Does Democracy Exist?

by Scott F. Aikin and Robert B. Talisse

We tend to think of democracy as a set of governmental institutions. We see it as a political order characterized by open elections, constitutional constraints, the rule of law, freedom of speech, a free press, an independent judiciary, and so on. This makes good sense. These institutions indeed loom large in our political lives.

However, political institutions differ considerably from one purportedly democratic society to the next. Voting procedures, representation schemes, conceptions of free speech, and judicial arrangements are not uniform across societies that are widely regarded as democratic. In some of these countries, voting is required by law and military service is mandatory. In others, these acts are voluntary.  Some democratic countries have distinct speech restrictions, others have different and blurrier boundaries. And the ancient Athenians appointed their representatives to the Boule by lot, instead of by vote. Given these variations, how can these societies all be democracies?

This leads to the thought that although certain institutional forms are characteristic of democracies, democracy itself should be identified with the kind of society those institutions realize. We hence can see how two societies with distinct constitutions nevertheless can be democratic.

This prompts the obvious question: What kind of society is a democracy? Read more »

Women’s Freedom – A Short Introduction to Why I Care

Womensrights Why have so many stopped fighting for women’s rights? We fight for “human” rights and discuss them as if they were a natural element of being human; groups lobby and defend, almost diabolically and with much vitriol, the rights of “animals” (species that are not human). Yet women’s rights, that better half of our species, remain a neglected element of secular discourse. It surprises me that so few of those who consider themselves secular humanists do anything concerning this important issue. This does not mean that many secular humanists do not think it important but there is a great divide between simply thinking it important and doing something to make it so. Not only do I think it important, I believe in my lifetime the liberation of woman, all over the world, for all time, is the single most important goal that we must defend, increase and enhance. The other goals which many of us long for, freedom of speech, lack of coercion, and so on, all are part of, and tributaries within, this pathway. By fighting for women, we fight for free speech and liberty; by defending their rights, we defend human rights; by finding the cause for their oppression we cease the cycle of violence and poverty within families around the world. Reports have suggested that a decrease in women’s freedom correlates to an increase in religious fanaticism. This does not mean that once women are free, all over the world, religious dogmatism, backward political regimes and patriarchal bullying will be banished from the earth; but there is little debate that the fight in itself will lead to a greater amount of freedom, more happiness and will result in woman no longer being the fodder for the religious wrath of backward mullahs and reverends.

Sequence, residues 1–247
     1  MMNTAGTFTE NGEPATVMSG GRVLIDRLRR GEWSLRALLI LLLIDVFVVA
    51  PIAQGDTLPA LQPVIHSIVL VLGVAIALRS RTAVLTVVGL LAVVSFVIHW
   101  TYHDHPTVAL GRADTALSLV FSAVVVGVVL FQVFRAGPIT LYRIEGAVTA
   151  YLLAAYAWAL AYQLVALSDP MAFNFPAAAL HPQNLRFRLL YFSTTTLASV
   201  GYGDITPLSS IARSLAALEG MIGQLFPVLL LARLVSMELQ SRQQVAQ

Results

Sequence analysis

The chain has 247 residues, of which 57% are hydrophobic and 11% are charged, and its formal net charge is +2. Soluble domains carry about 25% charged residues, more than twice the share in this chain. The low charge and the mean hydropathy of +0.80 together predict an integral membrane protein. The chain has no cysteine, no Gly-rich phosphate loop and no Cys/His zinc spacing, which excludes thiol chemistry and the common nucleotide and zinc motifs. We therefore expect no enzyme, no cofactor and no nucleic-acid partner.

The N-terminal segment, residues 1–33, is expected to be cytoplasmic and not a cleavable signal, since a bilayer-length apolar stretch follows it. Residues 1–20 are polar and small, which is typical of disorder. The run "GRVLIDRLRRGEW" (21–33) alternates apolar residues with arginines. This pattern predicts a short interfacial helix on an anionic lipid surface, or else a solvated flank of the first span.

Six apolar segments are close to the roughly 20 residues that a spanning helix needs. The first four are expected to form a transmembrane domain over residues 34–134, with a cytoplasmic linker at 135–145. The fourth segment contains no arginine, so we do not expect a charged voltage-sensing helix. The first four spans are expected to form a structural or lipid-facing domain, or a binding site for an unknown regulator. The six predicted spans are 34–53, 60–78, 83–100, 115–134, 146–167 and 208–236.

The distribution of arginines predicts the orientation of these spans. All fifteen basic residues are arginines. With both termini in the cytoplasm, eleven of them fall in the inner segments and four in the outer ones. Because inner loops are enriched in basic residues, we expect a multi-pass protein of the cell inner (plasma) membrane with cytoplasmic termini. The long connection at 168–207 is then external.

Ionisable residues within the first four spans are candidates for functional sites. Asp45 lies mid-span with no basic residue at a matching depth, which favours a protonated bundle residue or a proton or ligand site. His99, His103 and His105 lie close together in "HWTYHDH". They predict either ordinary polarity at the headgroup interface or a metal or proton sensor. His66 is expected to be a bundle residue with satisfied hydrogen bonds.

According to estimates, which have more than likely increased, 70 percent of the two billion poor are women; two thirds of illiterate adults are women; employment rates for women are declining after increasing (yes, of course, the world wars are now over). At the same time many women are forced into veils and burqas, burnt for merely looking at men, stoned to death or buried alive for adultery, forced into sex, pregnancy and delivering HIV-infected children because they were raped, but if they were to report it, they would either be raped again, executed, exiled from their village or town or family. While this happens, the fashion industry booms with make-up and high-heels and plastic models and girls as thin as the paper they are pictured on, presenting us with yet another contrast to whether women really are in control of their bodies even in supposedly liberated societies. That is an issue unto itself, which I am not focused on, but it certainly should give us pause considering the areas we are dealing with. Modern writers, in the secular West, tell women to go back to the kitchen, obey the husband, be a mother, tie an umbilical cord around the house and hang themselves from it. “Feminine is good,” says women’s rights author, Nikki van der Gaag, “feminism is bad.” A lot of feminist views, philosophy and political goals truly deserve scorn, since they replace one tyranny with another; are subject to faith-based, dogmatic adherence rather than calculated sex equality. The vengeful world of patriarchal accident has given birth to a malicious view toward its women. As this highlights, the malicious desire is one of control – but I do not wish to instil Orwellian fears in big governments and little men.

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